Blessing Okagbare’s Therapist Risks 10 Yrs Jail in US, Pleads Guilty in Nigerian Sprinter’s, Olympic Doping Case 

The United States’ authorities have said that a Texas therapist, Eric Lira, may face up to 10 years in prison after pleading guilty to supplying performance-enhancing drugs to Olympic athletes including banned Nigerian sprinter, Blessing Okagbare.
The Department of Justice said in a statement that Lira, a “naturopathic” therapist based in the city of El Paso, who on Monday pleaded guilty in the doping case, is the first individual to be convicted under a new US law introduced in the wake of Russia’s state-backed Olympic doping scandals.
The 2020 law, named after Russian whistleblower Grigory Rodchenkov, enables US authorities to prosecute individuals involved in international doping fraud conspiracies.
Recall that Lira was found to have supplied drugs to Okagbare in the build-up to the pandemic-delayed Tokyo Olympics in 2021.
Following the incident, Okagbare who was subsequently banned from the sport for 10 years was expelled from the Tokyo Olympics before the women’s 100m semi-finals after it was revealed that she had tested positive for human growth hormone in an out-of-competition test in Slovakia before the games.
Daily Mail quoted US Attorney, Damian Williams, as saying Monday after Lira pleaded guilty in a federal court in Manhattan that the case was a “watershed moment for international sport.”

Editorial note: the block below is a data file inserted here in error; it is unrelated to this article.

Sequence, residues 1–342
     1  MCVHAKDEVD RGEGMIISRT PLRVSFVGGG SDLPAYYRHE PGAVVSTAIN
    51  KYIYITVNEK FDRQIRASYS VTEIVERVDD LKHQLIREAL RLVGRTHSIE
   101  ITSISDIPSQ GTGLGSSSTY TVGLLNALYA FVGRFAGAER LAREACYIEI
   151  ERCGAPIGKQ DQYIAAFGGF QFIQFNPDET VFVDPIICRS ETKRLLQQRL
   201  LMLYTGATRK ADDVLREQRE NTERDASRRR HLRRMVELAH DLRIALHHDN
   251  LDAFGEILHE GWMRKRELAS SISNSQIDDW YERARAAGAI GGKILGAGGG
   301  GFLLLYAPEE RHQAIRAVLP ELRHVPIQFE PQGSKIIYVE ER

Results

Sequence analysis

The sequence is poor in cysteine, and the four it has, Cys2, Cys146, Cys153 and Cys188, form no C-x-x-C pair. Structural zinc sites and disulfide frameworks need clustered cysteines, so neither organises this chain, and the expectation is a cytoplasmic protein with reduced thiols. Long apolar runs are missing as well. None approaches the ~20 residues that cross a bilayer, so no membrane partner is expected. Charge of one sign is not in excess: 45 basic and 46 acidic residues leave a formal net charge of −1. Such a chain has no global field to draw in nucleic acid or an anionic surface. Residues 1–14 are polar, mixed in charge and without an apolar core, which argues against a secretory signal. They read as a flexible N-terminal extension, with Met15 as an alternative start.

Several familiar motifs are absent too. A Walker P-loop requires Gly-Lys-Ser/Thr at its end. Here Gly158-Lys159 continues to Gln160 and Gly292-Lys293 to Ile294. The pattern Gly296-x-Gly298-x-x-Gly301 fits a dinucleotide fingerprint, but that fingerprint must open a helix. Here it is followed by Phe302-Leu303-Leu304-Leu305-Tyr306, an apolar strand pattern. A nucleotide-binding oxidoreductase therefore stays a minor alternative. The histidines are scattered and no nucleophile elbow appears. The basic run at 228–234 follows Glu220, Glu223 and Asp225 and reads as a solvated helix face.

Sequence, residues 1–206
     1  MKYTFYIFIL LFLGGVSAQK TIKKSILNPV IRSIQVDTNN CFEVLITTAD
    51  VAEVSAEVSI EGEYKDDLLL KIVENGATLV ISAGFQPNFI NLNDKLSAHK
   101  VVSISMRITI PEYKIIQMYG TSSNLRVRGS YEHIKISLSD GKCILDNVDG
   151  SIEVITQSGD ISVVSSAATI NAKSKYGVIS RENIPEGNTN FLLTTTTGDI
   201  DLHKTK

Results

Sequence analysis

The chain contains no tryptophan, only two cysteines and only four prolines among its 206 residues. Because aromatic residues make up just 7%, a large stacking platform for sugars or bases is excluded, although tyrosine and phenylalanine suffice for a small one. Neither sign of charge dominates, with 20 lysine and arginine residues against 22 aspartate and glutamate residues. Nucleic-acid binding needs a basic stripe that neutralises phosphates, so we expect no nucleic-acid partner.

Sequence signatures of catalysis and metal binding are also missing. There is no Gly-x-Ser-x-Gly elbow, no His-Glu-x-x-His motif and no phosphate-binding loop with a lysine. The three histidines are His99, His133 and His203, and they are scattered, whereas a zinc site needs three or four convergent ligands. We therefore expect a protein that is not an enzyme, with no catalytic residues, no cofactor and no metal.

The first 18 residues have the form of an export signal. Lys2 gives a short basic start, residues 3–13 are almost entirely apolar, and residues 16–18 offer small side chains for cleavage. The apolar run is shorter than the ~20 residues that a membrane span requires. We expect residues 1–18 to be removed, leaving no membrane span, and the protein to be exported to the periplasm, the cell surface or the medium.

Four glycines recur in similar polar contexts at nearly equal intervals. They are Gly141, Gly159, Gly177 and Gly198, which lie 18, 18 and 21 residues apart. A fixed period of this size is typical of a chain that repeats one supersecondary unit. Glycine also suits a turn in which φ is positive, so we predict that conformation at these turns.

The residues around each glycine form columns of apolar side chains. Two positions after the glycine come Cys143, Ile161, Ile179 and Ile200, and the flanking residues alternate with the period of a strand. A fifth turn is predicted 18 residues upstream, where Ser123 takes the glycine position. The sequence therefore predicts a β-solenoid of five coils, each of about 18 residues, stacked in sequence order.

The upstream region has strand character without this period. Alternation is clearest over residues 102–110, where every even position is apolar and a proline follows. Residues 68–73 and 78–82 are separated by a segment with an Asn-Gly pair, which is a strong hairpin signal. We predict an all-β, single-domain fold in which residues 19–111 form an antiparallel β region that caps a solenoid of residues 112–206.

Williams added that “Lira provided banned performance-enhancing substances to Olympic athletes who wanted to corruptly gain a competitive edge.
“Such craven efforts to undermine the integrity of  sport subverts the purpose of the Olympic games: to showcase athletic excellence through a level playing field.
“Lira’s efforts to pervert that goal will not go unpunished.”
According to the law, the maximum sentence for violating the Rodchenkov Anti-Doping Act is 10 years in prison.
The Justice Department statement said that Lira’s sentence will be determined by a judge at a later date.
Meanwhile, the US anti-doping officials welcomed Lira’s conviction, noting that it was only made possible by the recently enacted law.
The chief executive of the United States Anti-Doping Agency, a nonprofit agency, Travis Tygart, said that “Without this law, Lira, who held himself out as a doctor to athletes, likely would have escaped consequence for his distribution of dangerous performance-enhancing drugs and his conspiracy to defraud the 2020 Tokyo Olympic Games because he did not fall under any sport anti-doping rules.”



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